While Maslow’s theory was regarded as an improvement over previous theories of personality and motivation, it has its detractors. For example, in their extensive review of research that is dependent on Maslow’s theory, Wahba and Bridwell (1976) found little evidence for the ranking of needs that Maslow described, or even for the existence of a definite hierarchy at all. For example, less individualistic forms of society than described by Maslow in this theory, might value their social relationships (e.g. family, clan or group) higher than their own physiological needs.
The concept of self-actualization is considered vague and psychobabble by some behaviourist psychologists. The concept is based on an Aristotelian notion of human nature that assumes we have an optimum role or purpose. Self actualization is a difficult construct for researchers to operationalize, and this in turn makes it difficult to test Maslow’s theory. Even if self-actualization is a useful concept, there is no proof that every individual has this capacity or even the goal to achieve it.
Other counterpositions suggest that not everyone ultimately seeks the self-actualization that a strict (and possibly naive) reading of Maslow’s hierarchy of needs appears to imply:
- Viktor Frankl‘s book Man’s Search for Meaning describes his psychotherapeutic method (logotherapy) of finding purpose in life.
- Albert Einstein was actually drawn toward the sense of mystery in life. See Abraham Pais‘ Subtle is the Lord.
- Others seek to perform good works.
- Others are drawn toward the dark side of the human condition.
One could counter this argument by citing these as examples of ways people self-actualize. In fact, some of these examples (the attraction to the mysterious, performing good works) are actually specified as qualities of the self actualized individual in Maslow’s writing, The Third Force. The ambiguity of the term lends itself to debate.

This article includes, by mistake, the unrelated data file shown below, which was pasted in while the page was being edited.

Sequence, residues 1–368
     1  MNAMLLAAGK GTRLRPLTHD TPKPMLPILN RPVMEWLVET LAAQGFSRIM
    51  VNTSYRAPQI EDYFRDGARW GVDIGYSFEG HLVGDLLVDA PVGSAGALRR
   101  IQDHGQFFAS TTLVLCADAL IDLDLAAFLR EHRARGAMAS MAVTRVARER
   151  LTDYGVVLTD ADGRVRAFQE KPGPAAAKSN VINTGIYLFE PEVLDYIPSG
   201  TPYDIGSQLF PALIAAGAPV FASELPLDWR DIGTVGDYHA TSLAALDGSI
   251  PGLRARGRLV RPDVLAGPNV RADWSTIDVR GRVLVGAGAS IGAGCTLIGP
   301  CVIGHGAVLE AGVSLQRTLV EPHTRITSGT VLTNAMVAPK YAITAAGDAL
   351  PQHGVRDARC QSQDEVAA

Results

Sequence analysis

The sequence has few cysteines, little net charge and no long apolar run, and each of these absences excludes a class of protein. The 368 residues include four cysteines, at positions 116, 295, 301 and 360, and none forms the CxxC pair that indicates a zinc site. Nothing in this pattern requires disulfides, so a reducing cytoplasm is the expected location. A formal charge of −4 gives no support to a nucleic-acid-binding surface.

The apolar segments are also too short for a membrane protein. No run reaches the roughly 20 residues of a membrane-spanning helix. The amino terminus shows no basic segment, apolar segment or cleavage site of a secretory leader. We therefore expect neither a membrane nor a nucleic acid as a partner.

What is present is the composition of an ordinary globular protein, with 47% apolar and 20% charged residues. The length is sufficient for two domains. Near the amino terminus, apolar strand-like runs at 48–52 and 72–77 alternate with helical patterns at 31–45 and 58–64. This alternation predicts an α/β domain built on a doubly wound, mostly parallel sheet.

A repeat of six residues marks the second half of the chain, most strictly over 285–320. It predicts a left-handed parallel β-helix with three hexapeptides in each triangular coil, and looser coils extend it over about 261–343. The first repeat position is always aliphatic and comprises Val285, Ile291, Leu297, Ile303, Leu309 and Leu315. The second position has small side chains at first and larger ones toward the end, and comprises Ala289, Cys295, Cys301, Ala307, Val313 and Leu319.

Transcendence has been discounted by secular psychologists because they feel it belongs to the domain of religious belief. But Maslow himself believed that science and religion were both too narrowly conceived, too dichotomized, and too separated from each other. Non-peakers, as he would call them, characteristically think in logical, rational terms and look down on extreme spirituality as “insanity” (p. 22) because it entails a loss of control and deviation from what is socially acceptable. They may even try to avoid such experiences because they are not materially productive—they “earn no money, bake no bread, and chop no wood” (p. 23). Other non-peakers have the problem of immaturity in spiritual matters, and hence tend to view holy rituals and events in their most crude, external form, not appreciating them for any underlying spiritual implications. Maslow despised such people because they form a sort of idolatry that hinders religions (p. 24). This creates a divide in every religion and social institution. (Maslow. “The ‘Core-Religious’ or ‘Transcendent,’ Experience.”) It is important to note, however, that Maslow considered himself to be an atheist–thus, by his conceptualization of transcendence, any individual can have such experiences (Hoffman, E. 1999. The right to be human: A biography of Abraham Maslow).
Psychologist Edwin C. Nevis has also made charges that Maslow’s hierarchy of needs are culturally specific and not universal and, in response, formulated his own hierarchy of needs as an improvement effort.